Schnabel was contracted by the SCMWC to perform inspection and rehabilitation design of the existing Senior Canyon Tunnel. Schnabel performed a general condition assessment inspection of the tunnel while concurrently performing geological mapping of bedrock, and documenting discontinuities and water inflows.

The tunnel is in the Santa Ynez Mountains, north of the Ojai Valley, and serves as a water resource. In 1929, the tunnel was drilled and blasted 1,555-feet into the sedimentary layers of the bedrock that form the mountains. Sometime after 1929, the tunnel was further advanced to a total length of 3,000- to 3,500-feet. The 8-foot by 8-foot horseshoe shaped tunnel is mostly unlined, with short stretches of fractured rock requiring cast-in-place concrete and timber sets for support. A partial collapse of the tunnel was encountered at 2,400- feet making it impassible and limiting the inspection to this distance. Water movement into the tunnel is through a complex series of geologic discontinuities in the rock consisting of bedding joints, steep angled fractures, and faults. The original water inflow into the tunnel has been impeded by near surface healing of the discontinuities. The tunnel currently collects water from the surrounding rock and discharges it at a minimum flow rate of 60-gpm.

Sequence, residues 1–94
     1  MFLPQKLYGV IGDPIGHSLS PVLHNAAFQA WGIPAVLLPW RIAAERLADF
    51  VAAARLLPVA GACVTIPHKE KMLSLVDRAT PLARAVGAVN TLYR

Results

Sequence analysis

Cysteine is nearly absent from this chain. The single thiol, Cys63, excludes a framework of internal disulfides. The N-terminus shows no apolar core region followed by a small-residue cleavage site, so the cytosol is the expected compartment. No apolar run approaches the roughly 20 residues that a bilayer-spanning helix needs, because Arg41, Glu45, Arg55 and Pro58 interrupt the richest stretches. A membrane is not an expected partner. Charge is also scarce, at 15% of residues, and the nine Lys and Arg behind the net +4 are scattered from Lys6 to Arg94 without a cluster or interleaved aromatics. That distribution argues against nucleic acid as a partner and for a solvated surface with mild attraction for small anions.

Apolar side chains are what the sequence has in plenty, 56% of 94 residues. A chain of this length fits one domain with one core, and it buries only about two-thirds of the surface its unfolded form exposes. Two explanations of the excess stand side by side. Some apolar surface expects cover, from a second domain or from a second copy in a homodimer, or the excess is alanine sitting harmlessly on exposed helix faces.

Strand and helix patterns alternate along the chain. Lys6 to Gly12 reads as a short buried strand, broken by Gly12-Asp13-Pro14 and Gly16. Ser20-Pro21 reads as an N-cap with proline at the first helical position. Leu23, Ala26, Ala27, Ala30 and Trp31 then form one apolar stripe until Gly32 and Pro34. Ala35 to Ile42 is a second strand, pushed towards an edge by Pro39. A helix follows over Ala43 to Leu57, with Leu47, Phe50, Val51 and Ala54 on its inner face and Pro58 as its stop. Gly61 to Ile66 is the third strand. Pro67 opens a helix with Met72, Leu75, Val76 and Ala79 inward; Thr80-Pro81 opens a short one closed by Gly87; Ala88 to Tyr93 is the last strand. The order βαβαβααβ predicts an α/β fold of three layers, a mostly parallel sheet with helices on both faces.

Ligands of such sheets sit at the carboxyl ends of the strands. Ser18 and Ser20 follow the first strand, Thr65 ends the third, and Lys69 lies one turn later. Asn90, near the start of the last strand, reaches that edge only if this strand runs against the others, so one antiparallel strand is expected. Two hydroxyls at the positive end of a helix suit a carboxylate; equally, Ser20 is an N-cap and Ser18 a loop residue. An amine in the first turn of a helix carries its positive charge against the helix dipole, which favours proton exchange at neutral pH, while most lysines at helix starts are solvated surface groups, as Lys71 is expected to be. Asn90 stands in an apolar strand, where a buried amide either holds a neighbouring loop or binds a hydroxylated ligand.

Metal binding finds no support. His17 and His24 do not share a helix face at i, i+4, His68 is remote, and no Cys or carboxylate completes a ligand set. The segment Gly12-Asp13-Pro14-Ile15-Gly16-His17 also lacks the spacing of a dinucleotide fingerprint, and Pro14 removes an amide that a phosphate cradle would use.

Using the data collected during the survey, Schnabel prepared a report summarizing the inspection method, the inspection results and corresponding condition assessment. The report also recommended solutions for tunnel rehabilitation including improved ground support and overall water resource capacity improvements. Other data collected, included as-built geometries, a bottom-up construction cost estimate for the tunnel rehabilitation, and recommended enhancements to increase water flow capacity.